The UK inflation rate will remain stubbornly high for longer than previously thought, the governor of the Bank of England has said.
Sir Mervyn King now expects inflation, currently 2.7%, to rise to at least 3% by the summer and to remain above the Bank's 2% target for two years.
In November he had said that inflation would fall back towards its target in the second half of this year. But the governor also said that "a recovery is in sight".
Sir Mervyn King, presenting the Bank's latest Quarterly Inflation Report, 20 years after it issued its first one, said the economy had "cause for optimism".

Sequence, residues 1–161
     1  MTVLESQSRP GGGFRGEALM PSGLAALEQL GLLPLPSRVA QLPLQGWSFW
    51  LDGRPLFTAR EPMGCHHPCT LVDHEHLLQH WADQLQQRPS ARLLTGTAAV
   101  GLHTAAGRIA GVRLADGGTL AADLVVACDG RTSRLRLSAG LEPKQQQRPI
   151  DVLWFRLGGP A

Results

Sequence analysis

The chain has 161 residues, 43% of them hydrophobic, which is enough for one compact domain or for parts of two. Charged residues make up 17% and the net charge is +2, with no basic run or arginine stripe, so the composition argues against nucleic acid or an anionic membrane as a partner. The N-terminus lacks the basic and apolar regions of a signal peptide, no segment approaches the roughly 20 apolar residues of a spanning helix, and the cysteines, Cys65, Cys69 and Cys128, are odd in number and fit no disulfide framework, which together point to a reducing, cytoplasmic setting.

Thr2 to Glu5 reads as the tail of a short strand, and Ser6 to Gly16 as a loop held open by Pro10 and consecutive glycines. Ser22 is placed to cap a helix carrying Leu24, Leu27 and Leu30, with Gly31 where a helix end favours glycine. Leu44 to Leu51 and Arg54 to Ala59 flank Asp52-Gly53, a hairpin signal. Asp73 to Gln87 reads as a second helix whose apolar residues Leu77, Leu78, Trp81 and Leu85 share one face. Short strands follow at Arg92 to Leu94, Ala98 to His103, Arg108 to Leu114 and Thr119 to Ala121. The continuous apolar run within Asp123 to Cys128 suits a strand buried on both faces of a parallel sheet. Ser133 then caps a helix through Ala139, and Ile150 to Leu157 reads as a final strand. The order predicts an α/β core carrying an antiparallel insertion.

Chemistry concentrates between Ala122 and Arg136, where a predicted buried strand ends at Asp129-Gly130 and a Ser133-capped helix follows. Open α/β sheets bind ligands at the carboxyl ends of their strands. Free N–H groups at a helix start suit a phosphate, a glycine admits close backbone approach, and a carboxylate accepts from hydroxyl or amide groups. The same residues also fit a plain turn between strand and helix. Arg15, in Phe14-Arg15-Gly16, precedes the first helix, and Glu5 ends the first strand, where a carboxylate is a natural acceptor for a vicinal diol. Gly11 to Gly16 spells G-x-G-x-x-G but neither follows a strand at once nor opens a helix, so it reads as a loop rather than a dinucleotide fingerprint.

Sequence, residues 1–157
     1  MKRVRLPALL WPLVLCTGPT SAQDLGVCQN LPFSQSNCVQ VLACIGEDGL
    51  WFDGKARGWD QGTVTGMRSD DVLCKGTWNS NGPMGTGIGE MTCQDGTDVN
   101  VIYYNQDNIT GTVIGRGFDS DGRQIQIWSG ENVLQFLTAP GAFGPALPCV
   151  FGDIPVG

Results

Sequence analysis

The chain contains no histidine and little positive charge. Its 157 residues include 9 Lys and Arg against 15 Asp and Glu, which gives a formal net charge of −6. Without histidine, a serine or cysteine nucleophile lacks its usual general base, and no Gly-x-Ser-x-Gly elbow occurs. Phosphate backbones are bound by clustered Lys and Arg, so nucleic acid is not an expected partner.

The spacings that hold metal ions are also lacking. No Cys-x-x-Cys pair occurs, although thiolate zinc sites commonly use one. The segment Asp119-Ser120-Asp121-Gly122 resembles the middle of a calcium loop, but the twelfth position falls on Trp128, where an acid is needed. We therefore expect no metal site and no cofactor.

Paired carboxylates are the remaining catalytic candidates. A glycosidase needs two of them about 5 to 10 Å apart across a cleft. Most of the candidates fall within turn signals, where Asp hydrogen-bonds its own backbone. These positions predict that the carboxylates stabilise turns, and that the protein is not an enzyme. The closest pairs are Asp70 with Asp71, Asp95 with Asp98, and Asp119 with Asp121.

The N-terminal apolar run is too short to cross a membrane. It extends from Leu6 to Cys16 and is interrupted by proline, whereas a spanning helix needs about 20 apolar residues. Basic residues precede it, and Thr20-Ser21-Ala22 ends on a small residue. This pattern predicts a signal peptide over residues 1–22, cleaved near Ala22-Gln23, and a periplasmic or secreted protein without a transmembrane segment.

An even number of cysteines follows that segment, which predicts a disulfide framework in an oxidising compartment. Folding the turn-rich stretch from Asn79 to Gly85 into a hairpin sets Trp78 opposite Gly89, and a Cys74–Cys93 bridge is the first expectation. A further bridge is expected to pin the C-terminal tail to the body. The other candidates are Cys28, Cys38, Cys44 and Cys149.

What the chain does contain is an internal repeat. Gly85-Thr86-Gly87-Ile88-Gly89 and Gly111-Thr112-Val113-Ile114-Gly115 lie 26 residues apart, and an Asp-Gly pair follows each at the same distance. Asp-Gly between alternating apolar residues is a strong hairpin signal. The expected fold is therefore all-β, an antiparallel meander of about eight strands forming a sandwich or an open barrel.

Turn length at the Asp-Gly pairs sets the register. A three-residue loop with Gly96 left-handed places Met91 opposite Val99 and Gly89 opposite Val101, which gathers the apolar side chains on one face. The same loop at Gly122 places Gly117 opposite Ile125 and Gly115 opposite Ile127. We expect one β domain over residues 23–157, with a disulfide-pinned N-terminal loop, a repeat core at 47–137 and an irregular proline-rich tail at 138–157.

"If you like, it is a bit of a self-inflicted goal in terms of the damage done to real take-home pay, perhaps another way of trying to implement fiscal consolidation through moving up the price level," he said.
In other optimistic news, The Office for National Statistics said on Wednesday that UK workers were earning no more than they were 10 years ago, while a report from the Resolution Foundation think tank warned that it could be another 10 years before living standards return to the levels they were at before the recession.